by Charles Imperatori and Tiz Hay
Fragile - More than capable of cutting the mustard!
The evening promised much for the discerning YES music enthusiast: a performance of Yes-music throughout the decades, whatever the style or the inclination of the band at any particular point in time. FRAGILE is what commonly passes under the term tribute band. There is a strongly held view suggesting tribute bands consist of obscure copyists desperate to grab the limelight by vicariously re-enacting someone elses successful career. A way of satisfying a desperate desire for success when talent or sheer good luck quite simply arent around to help. Nothing though is as clear cut as it might seem; its 45 years or so since the first rockers jigged about in their blue suede shoes, and the amount of repertoire amassed is now immense. However, if rock always lived for the day and indeed the future, what to do with the past?
The tribute band is a relatively new phenomenon. Primarily a way of satisfying the demands of legions of fans who quite simply arent satisfied with a performance by any chosen hero just once every so many years. Just look at the recent success of the British Yes tour; which saw many fans booking tickets for self, friends and family over and over again; proves that there is an unquenchable thirst for all things Yes. Musical performance isnt though just about satisfying consumerist needs; any classic song written by Yes over the years has a right to reveal itself to an audience. Here, bands like Fragile play a vital role because they introduce the western classical element of interpretation and, in doing so, they ensure that chosen golden moments in popular music stay alive forever. In this context, talk of lesser known musicians paying tribute to famous ones, to snatch a moment of glory reveals an all too fatuous view of music and the trappings of success; let the music play and speak for itself.
Having droned on about the merits/demerits of so called tribute bands, we come to the crux of the matter. What any Yes fan wants to know is if Fragile can actually deliver Yes-music on stage. Such healthy scepticism is easily justified by the sheer complexity of the Yes song-book and lets face it, at least as far as Britain is concerned, there arent any other similarly inclined acts. Anyway, the good news is that Fragile are more than capable of cutting the mustard, their set being a truly mouth watering 11-course Yes meal.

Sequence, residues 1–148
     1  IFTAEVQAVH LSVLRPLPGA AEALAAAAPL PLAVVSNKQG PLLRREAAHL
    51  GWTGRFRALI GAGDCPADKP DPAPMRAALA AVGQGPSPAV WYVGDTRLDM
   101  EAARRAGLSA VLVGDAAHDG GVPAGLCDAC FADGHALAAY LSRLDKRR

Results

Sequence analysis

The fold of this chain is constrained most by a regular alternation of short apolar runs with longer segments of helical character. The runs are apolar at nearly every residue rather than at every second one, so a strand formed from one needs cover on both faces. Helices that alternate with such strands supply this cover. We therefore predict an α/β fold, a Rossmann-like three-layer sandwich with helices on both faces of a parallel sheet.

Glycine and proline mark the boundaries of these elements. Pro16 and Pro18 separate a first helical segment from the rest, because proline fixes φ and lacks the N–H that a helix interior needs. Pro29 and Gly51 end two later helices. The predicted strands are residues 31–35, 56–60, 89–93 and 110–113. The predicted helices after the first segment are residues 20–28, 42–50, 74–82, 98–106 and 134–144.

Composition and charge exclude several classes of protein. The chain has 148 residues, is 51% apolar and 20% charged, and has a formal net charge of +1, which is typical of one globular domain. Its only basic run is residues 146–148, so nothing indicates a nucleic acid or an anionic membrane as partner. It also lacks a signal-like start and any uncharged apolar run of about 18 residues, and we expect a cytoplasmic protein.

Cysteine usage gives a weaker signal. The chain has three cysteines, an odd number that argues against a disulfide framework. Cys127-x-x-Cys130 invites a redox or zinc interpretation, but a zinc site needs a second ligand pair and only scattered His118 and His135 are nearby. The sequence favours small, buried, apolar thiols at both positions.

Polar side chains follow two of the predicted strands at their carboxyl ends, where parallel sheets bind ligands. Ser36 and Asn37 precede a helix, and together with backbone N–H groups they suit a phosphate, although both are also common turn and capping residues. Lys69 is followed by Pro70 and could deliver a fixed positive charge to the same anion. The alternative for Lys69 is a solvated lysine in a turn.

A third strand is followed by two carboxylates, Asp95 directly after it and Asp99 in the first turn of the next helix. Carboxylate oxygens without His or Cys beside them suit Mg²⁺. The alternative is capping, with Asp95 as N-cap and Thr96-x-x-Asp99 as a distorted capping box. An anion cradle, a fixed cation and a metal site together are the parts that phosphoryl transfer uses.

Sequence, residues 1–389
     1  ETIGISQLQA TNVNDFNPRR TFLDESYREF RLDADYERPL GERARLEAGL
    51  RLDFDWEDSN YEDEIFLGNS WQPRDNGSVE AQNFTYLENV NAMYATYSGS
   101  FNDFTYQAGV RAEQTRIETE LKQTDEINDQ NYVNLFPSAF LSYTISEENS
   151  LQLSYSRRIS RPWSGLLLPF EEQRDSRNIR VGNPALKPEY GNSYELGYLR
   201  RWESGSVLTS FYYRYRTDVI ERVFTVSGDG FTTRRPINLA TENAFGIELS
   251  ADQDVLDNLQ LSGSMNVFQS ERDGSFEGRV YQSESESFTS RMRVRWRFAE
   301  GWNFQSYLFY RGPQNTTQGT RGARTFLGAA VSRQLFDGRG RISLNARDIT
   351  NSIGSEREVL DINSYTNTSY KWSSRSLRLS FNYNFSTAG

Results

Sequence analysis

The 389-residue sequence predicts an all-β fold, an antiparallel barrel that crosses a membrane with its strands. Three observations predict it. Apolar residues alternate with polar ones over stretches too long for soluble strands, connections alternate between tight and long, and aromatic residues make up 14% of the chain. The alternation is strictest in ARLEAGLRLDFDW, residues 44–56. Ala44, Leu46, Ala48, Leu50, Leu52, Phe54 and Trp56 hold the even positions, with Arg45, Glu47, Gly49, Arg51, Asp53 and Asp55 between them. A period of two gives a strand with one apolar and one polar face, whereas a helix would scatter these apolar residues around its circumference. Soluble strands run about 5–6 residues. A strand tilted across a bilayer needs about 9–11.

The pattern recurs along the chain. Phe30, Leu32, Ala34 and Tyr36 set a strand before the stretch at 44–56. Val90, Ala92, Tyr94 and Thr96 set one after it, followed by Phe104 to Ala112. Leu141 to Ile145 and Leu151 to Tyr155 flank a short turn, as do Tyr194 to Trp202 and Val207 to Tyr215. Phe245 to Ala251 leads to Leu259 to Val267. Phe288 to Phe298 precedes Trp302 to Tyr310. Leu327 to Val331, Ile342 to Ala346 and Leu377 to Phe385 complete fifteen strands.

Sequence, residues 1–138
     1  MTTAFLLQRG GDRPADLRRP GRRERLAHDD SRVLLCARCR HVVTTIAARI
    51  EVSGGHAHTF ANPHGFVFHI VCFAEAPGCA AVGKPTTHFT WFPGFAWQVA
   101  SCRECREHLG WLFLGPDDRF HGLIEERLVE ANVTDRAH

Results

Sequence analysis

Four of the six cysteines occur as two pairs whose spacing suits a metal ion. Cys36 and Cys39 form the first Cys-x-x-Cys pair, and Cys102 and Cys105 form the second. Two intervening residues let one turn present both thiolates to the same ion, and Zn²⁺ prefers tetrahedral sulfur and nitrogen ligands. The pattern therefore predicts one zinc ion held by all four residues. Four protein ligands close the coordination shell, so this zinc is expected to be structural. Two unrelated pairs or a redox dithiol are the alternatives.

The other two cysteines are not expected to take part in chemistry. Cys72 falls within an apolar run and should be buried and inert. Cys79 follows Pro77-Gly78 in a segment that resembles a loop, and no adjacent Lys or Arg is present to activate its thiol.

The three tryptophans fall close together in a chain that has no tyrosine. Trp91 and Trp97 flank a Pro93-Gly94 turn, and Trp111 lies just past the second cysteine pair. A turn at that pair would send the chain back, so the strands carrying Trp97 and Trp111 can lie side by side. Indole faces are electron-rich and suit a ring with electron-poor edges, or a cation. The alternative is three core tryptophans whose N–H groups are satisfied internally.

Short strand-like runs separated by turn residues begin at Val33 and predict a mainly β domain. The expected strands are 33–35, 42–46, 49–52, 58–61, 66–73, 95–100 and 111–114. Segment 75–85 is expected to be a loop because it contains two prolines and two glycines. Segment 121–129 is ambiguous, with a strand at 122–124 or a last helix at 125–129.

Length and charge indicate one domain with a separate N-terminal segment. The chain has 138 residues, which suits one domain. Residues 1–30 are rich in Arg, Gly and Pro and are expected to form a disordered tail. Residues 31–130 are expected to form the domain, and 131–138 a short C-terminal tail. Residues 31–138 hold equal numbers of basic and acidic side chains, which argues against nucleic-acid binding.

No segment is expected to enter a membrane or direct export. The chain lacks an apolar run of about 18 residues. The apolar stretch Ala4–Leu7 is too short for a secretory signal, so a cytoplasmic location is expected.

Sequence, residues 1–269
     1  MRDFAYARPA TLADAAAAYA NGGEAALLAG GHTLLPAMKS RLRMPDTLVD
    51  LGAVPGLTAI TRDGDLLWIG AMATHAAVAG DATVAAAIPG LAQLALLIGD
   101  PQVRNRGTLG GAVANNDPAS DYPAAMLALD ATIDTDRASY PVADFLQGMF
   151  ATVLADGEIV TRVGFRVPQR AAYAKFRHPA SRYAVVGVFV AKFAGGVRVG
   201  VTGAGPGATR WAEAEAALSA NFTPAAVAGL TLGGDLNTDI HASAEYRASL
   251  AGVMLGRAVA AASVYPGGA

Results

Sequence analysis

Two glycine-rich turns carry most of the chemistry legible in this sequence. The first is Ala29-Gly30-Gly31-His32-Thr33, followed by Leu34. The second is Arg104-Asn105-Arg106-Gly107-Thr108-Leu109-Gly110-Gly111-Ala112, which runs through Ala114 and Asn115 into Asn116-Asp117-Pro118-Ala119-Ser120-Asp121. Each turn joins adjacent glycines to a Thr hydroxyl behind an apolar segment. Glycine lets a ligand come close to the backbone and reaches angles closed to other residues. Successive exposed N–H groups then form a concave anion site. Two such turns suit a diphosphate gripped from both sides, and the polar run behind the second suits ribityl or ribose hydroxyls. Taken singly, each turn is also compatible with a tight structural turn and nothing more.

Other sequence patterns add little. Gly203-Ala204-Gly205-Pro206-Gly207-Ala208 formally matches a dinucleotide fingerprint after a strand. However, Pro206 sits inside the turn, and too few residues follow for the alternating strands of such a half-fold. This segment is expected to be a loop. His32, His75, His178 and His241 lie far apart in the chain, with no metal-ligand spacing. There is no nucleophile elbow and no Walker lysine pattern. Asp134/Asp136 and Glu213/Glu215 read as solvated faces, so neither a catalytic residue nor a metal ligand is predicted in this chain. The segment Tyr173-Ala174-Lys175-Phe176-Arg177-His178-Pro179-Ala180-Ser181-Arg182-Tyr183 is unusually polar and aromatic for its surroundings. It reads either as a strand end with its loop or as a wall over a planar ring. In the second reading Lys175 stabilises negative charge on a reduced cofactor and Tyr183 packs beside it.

Soundscape track The Source from Yes album Open Your Eyes plus The Firebird Suite opened up with great pomp and ceremony, the latter being just like the good old days, and from then on we almost witnessed a miracle. As the 6-man Fragile ploughed their way through the set, it became immediately obvious that they werent just there for the free ride, to perform the music note for note. In their hands, the mechanical structure of each song was subtly tweaked by the strong individuality of the performers.
Steve Carney pictured with Tom Dawe
What about the voice, you may immediately enquire? Can there be anyone out there who could match Jon Andersons timeless, angelic vocal prowess? Steve Carney, lead singer with Fragile, matched quite easily Jons high pitched notes. Obviously, the tone and the accent is quite different, but Carneys vocal performance was quite simply stunning. As veterans of many progressive concerts and festivals, we must report having not encountered a great singer like him for many moons. His voice could be the envy of many a progressive band, and with the clever backing vocals by drummer Mitch Harwood, Fragile more or less matched Yess complex vocal harmonies - here a third voice would easily bridge the gap. Even a not so popular with the fans number like Rhythm of Love was vocally impressive as the words bounced backward and forward with the music.
Mitch Harwood - Clever Backing Vocals
One of Yess strong points has always been the ability to snap from gentle, pastoral tenderness straight into fast and furious aggression, the soloing flashing from point to point, and Fragile covered all that and managed to improvise here and there. Wisely, they chose to have two guitarists in the line up so that Steve Howes ample choice of multi-layered guitar sounds could be performed live. Oddly though where the two guitarists most amply succeeded was by turning Owner of a Lonely Heart into something more than the Yes version had on offer. With the song rapidly reaching its dramatic finale, a dual guitar improvisation stoked up the creative fires of the band, by now eager to increase the temperature of the venue.
Like Yes, Fragile could blow hot and cold, and like Yes they wanted the music to be heard for what it can give. Otherwise how could it be possible to explain the solo sets by Ruben Angel, a Venezuelan guitarist of elegant poise and eloquent fingering, who easily breezed through Mood For a Day, and the somewhat abstract musings of Robert McGinley performing on the keyboards a piece which seemed to lie somewhere in between Keith Emerson and The Enids Robert John Godfrey.
By now it was no-longer possible to talk about a tribute, and it was so fitting with their somewhat looser interpretation of the material that the concluding Starship Trooper floored the punters by gradually turning into a Southern Boogie stomp a` la Lynyrd Skynyrd then rapidly accelerating into a mad scrambling finale in true Blackfoot style.
Visually, the band engaged successfully aided by the frontmans theatrical arm movements keeping time with each vocal nuance, his attractive black dresscoat with matching trousers, and an uncanny resemblance to Jon Anderson circa early-1980s! The gig also served as an education for relative newcomers to Yes, with frequent commentary identifying the album source and year of release for each number about to be performed. Quite definitely a very good night out.
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